Cost of dressed goose

Discussion in 'Geese' started by Capvin, Apr 18, 2012.

  1. Capvin

    Capvin Chillin' With My Peeps

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    One of my favorite things is to make goose on the rotesserie and I have made it many times but never really paid much attention to the price. Until now. Yesterday I bought a 12 pound goose at Publix and it was $6.70 per pound for a price of over $80.00. Now, to me it is worth it because it is really a favorite meal, but is that price normal or reasonable?
     
  2. Kevin565

    Kevin565 Chicken Obsessed Premium Member

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    Sounds pretty normal to me. That's about the average price down here
     
  3. Capvin

    Capvin Chillin' With My Peeps

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    OK, thanks for the info. But I am curious as to what makes a goose so much more expensive then turkey, duck or even chicken. Are they that much harder to raise. I have a home in Upstate NY and during the summer I will shoot some of the wild geese that wander about and I cook and eat them also. There certainly seem to be a lot a canadian geese around and why cant they kill and package them?
     
  4. Kevin565

    Kevin565 Chicken Obsessed Premium Member

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    I think it just has to do alot with supply and demand. Raising geese for food isn't as popular in the US as it is in some other countries. Since only a select amount of people raise Meat Geese they can only supply so many people. The people who do get supplied still have to pay quite a bit more than they would for many other poultry. Also Wild Canada Geese are protected by law which is why they can not be used for slaughter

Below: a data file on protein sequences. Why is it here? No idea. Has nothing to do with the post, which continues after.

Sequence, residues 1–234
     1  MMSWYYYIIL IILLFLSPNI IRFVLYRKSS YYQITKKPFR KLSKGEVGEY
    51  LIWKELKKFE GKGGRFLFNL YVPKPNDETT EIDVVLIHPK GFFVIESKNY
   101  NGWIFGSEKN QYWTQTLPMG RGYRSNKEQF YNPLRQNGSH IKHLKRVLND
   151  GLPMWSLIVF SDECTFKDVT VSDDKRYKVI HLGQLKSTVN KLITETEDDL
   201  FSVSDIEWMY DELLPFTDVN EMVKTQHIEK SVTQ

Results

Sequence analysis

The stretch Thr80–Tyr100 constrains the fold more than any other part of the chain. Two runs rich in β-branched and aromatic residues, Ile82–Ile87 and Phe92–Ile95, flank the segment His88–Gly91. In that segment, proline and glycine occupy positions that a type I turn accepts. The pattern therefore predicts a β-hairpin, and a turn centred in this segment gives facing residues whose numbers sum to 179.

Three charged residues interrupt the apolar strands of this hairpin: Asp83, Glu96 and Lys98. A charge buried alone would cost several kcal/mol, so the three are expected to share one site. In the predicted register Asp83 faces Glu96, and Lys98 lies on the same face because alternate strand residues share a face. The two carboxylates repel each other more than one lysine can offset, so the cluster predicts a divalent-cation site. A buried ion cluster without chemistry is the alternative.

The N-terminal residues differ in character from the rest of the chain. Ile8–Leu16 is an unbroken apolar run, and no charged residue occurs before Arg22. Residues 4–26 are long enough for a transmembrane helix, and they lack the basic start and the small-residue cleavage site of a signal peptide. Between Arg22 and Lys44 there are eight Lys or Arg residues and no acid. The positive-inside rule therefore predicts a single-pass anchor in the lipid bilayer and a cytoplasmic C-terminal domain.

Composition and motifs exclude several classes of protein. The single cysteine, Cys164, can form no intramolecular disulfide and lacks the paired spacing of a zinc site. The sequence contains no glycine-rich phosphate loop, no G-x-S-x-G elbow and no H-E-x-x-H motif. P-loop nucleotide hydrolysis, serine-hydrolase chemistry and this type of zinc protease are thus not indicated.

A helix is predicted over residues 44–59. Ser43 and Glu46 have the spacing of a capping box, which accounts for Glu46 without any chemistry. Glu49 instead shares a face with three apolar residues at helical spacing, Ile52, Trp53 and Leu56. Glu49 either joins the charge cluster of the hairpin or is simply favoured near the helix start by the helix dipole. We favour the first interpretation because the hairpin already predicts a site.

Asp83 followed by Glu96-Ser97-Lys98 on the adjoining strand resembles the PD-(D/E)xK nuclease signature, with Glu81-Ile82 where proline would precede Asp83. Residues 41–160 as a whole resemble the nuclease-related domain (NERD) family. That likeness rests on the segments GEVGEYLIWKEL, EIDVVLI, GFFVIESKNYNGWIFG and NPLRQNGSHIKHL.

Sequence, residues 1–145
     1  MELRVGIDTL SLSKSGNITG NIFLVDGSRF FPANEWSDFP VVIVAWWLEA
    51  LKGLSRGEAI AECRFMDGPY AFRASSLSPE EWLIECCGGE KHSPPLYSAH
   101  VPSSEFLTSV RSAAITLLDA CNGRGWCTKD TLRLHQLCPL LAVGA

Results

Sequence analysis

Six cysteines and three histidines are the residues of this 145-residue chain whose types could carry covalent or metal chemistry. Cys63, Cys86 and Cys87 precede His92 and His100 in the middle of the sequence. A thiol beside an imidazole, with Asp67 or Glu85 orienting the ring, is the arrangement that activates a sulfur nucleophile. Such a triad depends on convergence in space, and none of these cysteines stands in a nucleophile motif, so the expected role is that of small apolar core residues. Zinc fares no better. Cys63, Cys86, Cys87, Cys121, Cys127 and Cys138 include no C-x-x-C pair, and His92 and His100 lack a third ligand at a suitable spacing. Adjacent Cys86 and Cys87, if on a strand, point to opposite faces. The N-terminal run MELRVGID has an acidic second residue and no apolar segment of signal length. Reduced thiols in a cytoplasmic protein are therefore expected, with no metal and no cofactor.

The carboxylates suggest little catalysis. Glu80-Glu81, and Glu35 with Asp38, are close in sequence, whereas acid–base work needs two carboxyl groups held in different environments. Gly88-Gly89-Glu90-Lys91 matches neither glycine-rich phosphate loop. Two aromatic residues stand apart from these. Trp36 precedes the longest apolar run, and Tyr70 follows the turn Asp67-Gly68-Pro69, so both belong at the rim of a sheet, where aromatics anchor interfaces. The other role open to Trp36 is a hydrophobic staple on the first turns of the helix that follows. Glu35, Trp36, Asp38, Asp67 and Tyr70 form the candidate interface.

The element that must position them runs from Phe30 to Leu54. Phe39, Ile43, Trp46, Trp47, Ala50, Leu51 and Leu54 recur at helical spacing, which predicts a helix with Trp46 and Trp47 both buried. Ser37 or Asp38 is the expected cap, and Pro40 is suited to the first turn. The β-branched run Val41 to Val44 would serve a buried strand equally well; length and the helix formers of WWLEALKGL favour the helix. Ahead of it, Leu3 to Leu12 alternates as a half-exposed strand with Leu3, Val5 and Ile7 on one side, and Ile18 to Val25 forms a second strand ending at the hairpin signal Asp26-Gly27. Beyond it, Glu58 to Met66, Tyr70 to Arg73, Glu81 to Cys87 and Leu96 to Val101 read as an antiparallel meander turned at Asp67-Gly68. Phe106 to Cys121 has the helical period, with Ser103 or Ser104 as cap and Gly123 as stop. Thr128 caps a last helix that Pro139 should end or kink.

5. Oregon Blues

    Oregon Blues Overrun With Chickens

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    The price is a bit on the side of a being a good bargain.

    Geese are expensive to raise commercially. Breeding stock is expensive and they might not be fertile until they are 2 years old. The goslings must be raised for months before they are big enough to butcher. Butchering is expensive because they are more work to pluck.

    Geese need space and land is expensive and involves property taxes and perhaps irrigation water.

    There are a lot of people who are getting between $4 and $6 a pound for Cornish Cross chickens that they finish in 8 weeks so that they can raise another batch in the same space. You can raise 6 batches of Cornish Cross every year in the same amount of space.

    You might be able to get two crops of geese in the same area, if the geese are still laying at the time you butcher the first lot. However, geese are seasonal layers, so you might only harvest 1 crop of roasting geese in a year.

    My own geese, I figure don't cost quite as much (except for very expensive breeding stock) because I am going to be paying the property taxes and mortgage whether there are geese here or not. Commercial farmers can not ignore the cost of the area where they keep their geese.
     

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